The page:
From J.W. Jones at Options Trading Signals.......
J.W may not be talking crude oil today but we never miss a chance to hear what he is thinking about using options to play this market.
My most recent missive discussed some of the nuances of the options Greek, Delta which deals with the change in option price with regard to changes in price of the underlying. Today I would like to examine some of the practical details surrounding the second of the primal forces describing the behavior of options with regard to the passage of time. This second Greek is Theta.
As opposed to the value of a stock position which varies only in relation to changes in price, options are subject to changes in value as a result of the interplay of three factors: price of the underlying, time to expiration, and implied volatility.
Before we delve into describing the operational characteristics of Theta, we need to talk about the anatomy of an options price. Although it is quoted as a single bid / ask pair of quotes, the options price reflected on your quote screen actually consists of the sum of two components – the extrinsic and the intrinsic value of the option in question.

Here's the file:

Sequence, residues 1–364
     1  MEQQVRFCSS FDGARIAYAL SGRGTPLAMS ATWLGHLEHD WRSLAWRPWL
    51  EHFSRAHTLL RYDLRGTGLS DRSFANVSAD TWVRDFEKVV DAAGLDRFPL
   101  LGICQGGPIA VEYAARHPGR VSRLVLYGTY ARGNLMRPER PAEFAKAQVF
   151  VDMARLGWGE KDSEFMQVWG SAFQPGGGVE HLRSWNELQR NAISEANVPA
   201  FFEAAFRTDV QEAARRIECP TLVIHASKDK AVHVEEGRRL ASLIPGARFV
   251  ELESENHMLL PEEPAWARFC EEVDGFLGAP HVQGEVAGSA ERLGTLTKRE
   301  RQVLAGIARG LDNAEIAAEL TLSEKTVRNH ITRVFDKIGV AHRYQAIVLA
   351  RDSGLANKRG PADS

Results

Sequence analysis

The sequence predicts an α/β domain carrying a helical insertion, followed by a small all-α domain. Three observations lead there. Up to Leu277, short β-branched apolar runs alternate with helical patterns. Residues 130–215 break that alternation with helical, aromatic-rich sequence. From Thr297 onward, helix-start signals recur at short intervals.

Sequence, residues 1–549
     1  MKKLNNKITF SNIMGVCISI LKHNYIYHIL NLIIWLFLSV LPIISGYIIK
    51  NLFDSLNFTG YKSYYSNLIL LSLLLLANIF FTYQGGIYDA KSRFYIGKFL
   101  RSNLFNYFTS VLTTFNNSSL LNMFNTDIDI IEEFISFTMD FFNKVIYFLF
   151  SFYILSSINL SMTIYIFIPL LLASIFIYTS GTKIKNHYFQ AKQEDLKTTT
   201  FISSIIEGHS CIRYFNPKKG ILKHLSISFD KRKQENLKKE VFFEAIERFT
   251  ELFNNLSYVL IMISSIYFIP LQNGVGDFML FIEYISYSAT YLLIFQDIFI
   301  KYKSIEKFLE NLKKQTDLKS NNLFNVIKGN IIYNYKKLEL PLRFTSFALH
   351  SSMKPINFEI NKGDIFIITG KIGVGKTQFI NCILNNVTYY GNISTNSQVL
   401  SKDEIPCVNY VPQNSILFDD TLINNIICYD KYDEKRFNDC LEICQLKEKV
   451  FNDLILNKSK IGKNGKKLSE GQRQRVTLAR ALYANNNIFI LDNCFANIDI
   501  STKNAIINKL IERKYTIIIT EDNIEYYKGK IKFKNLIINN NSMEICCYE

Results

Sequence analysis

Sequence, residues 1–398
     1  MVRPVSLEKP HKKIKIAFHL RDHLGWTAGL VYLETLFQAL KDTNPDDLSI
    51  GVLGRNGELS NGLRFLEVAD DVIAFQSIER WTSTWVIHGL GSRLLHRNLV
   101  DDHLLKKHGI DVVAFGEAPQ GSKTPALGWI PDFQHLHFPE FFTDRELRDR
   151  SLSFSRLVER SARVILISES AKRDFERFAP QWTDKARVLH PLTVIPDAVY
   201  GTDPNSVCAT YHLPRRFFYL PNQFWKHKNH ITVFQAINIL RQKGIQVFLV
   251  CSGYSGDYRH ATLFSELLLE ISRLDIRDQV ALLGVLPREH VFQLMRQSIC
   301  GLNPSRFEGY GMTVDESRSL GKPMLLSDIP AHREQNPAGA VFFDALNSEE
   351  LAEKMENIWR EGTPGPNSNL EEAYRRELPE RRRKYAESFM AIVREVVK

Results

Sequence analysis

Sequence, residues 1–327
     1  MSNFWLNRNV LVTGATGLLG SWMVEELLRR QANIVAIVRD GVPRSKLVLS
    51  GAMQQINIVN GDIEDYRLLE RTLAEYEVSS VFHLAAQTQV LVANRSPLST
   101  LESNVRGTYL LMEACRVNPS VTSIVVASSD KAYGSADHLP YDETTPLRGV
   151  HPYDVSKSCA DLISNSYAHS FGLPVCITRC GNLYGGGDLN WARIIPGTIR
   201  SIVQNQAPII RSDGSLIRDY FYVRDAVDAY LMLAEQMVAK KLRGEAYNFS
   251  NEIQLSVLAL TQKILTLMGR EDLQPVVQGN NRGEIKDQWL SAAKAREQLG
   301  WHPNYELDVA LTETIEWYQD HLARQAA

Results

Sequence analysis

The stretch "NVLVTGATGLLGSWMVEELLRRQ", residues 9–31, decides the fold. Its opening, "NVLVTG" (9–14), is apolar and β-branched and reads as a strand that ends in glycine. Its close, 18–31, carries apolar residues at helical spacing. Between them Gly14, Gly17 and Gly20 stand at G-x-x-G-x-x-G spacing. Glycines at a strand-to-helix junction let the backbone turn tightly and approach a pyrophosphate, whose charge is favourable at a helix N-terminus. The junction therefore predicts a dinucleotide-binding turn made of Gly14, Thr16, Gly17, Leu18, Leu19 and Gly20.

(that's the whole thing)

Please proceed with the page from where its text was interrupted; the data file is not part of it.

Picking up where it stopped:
The intrinsic value of an option is that portion of the option that has value by virtue of the current stock price. For example, AAPL currently trades around $607 / share as I write this. The August 600 strike call trades at around $27.00. The intrinsic value portion of that premium is ($607-$600 = $7).
Intrinsic values of a given option can vary from essentially the entirety of the option value for a "deep in the money" option to $0 for an "out of the money option". In our AAPL example, the "out of the money" strike of $610 sells for $22 and contains $0 of intrinsic value.
Read the entire article > The Passage of Time Leads to Profitability for Option Traders